Rhishav Narayan Choudhury
Wrapped up in our individual bubble of time and space, we tend to forget that the ground upon which we stand is but a colossal rock hurtling across the vast expanse of space at hundreds of thousands of kilometres an hour, yet trapped in the immensity of the Sun’s gravitational web. On the universal clock of the cosmos, Earth’s future is rather bleak and her time short, but the future of life need not be. The last star in our universe will die out in about one hundred trillion years and so life has plenty of time to prosper
“Men shut their doors
against a setting sun”
— William Shakespeare,
English playwright and poet
A recent Reuter’s poll found that one in seven people believe in the Mayan prophecy that the world will come to an end on December 21of this year. Although there is absolutely no rational scientific evidence to support such a doomsday prediction happening any time soon, there is a plethora of scientific understanding that such a cataclysmic event will ultimately occur. The fate of Earth lies in the hands of the Sun, our creator, worshipped as Surya riding across the sky in his horse-drawn chariot or as Ra gliding through the heavens in his solar boat. The giant ball of gas that our planet orbits around at an average distance of 150 million kilometres is the source of all life on Earth; it is because of this magnificent orb of energy that we possess the ability to marvel at its very splendour. To unlock the key to understanding ourselves and the immense infinity beyond, we must comprehend the stars above.
So how did the twinkling lights that we see scattered across our sky on a clear night come to be? About 100 million years after the big bang and cosmic inflation began, i.e. approximately 13.7 billion years ago; the first stars were born in their respective galaxies within interstellar clouds of gas and dust as gravity began to amplify differences in the components of space. Such stellar nurseries, sprinkled throughout our very galaxy, the Milky Way, gave birth to hundreds of billions of stars and will eventually produce tens of billions more. Ultimately, however, the raw material for new stars is being used up; even though massive stars die in supernova explosions and return some material into space and although galaxies can accrete fresh gas from intergalactic space, the new material cannot replenish all the gas that stars have consumed. Thus, it is estimated that star formation will continue to decrease with time, and that one hundred trillion years from now stars will form at only about one-hundredth of their current rate.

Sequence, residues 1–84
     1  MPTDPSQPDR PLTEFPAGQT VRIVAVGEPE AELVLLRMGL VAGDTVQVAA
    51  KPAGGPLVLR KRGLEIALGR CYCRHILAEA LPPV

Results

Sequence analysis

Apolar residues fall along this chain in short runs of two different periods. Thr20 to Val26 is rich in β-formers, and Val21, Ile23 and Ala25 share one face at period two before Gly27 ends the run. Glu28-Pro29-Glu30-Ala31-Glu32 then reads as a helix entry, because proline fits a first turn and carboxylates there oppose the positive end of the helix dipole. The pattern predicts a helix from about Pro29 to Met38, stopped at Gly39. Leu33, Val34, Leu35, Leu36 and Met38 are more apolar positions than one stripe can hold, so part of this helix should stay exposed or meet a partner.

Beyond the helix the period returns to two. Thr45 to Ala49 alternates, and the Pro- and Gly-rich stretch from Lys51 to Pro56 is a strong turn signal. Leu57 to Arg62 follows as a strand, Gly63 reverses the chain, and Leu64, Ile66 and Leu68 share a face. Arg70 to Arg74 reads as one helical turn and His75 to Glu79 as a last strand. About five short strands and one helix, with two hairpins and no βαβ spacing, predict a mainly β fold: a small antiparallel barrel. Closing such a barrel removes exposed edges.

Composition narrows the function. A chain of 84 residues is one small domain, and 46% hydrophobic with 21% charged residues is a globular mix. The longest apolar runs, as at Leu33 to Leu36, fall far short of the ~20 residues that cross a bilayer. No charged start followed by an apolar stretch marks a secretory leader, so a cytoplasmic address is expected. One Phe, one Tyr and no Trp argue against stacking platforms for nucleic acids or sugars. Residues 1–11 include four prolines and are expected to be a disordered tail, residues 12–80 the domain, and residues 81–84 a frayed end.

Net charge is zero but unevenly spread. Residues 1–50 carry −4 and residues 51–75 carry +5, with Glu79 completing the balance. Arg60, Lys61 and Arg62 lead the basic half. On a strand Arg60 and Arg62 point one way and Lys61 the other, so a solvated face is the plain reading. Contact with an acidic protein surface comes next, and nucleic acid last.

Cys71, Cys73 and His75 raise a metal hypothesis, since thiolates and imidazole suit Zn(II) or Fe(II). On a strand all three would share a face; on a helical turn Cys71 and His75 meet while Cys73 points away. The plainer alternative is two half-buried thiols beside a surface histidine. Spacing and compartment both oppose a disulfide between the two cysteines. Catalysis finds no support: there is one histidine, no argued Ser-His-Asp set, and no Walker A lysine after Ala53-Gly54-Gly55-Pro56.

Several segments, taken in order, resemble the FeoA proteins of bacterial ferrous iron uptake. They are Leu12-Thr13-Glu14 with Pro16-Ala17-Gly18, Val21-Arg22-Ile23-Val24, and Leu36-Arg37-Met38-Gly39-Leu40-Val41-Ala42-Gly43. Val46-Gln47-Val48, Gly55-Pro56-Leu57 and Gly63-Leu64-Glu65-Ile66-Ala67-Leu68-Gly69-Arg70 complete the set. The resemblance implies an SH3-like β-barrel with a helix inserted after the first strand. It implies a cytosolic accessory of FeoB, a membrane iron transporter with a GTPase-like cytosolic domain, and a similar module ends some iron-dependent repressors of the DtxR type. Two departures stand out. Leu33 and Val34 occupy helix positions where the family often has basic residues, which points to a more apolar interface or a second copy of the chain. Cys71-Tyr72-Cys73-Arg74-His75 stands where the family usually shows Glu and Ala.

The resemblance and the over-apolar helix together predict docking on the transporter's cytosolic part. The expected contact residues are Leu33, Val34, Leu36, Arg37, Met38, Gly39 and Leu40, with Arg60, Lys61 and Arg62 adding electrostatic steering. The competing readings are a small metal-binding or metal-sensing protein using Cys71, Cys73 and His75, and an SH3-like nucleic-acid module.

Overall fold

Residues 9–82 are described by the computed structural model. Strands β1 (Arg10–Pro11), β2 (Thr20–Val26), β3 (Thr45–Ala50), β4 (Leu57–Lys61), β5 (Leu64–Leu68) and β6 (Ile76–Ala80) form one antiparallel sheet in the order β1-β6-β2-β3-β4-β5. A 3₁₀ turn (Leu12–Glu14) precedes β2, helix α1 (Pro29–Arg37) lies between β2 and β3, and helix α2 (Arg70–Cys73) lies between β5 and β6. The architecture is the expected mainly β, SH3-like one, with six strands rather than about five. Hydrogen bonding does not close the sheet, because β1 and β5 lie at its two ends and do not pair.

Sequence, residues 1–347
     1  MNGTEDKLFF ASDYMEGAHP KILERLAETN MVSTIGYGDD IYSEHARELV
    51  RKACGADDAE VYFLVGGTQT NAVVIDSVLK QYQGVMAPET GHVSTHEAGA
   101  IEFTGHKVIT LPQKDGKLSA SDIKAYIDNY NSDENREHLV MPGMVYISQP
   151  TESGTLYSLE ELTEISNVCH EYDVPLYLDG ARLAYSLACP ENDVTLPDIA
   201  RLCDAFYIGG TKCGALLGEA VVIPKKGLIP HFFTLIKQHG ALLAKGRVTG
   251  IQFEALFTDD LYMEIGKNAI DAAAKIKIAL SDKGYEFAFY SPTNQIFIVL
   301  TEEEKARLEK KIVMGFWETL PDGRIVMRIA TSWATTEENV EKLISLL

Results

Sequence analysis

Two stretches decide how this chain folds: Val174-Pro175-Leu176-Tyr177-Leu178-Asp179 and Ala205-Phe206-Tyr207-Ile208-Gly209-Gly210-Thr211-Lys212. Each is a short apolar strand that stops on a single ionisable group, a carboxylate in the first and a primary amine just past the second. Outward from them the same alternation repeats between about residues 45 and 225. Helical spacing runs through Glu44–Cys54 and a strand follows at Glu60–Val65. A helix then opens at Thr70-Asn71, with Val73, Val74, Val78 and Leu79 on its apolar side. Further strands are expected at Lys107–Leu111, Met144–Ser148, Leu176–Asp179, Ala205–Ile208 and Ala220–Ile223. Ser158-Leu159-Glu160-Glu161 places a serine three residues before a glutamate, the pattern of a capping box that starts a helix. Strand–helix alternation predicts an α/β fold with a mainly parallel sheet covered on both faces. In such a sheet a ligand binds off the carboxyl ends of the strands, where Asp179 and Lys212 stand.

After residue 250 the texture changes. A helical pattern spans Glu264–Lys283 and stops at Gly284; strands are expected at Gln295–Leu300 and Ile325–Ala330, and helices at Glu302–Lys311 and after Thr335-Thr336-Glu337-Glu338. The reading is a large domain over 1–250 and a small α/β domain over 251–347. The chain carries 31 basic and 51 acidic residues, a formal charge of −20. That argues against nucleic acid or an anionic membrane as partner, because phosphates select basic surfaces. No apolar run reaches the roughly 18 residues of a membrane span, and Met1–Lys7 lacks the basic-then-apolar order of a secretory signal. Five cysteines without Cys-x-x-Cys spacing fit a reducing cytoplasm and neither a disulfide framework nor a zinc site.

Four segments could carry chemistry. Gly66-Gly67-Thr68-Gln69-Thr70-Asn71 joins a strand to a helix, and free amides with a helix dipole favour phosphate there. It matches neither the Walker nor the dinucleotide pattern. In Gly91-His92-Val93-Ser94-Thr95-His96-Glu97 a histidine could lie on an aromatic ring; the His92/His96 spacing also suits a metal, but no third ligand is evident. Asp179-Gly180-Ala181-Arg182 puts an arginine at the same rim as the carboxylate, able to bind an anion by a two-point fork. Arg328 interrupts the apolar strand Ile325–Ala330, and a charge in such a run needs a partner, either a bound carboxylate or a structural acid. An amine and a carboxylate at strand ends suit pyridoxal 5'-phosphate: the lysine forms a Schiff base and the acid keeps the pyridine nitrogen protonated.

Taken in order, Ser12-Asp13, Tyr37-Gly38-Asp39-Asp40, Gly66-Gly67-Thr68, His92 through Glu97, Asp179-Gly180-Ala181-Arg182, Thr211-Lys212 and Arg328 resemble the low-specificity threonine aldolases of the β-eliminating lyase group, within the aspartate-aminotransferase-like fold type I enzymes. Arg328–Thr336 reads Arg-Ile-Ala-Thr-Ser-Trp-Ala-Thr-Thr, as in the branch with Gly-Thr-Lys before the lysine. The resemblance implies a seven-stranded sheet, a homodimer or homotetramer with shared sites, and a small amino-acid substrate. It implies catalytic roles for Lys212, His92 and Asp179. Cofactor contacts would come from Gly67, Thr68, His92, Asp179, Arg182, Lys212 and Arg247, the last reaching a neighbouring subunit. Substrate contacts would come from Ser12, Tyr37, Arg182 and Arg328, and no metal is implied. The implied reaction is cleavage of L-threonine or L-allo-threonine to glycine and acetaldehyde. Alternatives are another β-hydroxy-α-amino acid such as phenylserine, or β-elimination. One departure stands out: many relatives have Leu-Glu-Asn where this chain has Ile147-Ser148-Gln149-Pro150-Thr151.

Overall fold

Life will, however, follow a different trajectory. Eventually — after about a trillion years — heavy elements such as carbon, oxygen and nitrogen that largely make up planets and in turn life will constitute a significant fraction of stars’ masses and shorten their life. These elements should be more conducive for the birth of planets along with stars, and so favour the prospects of life in the universe. Astronomers have already discovered more than 700 Jupiter-like gas giants beyond our solar system, and although space-based telescopes are just beginning to detect them, Earth-like planets most definitely are out there. In the far future, the universe should be filled with worlds like ours that are composed almost entirely of heavier elements. As time goes on, the increasing relative abundance of these heavier elements should produce planets more hospitable to life. Thus, however full or empty of life the cosmos may be today, it should be filled with more abundant and varied forms of life in the future.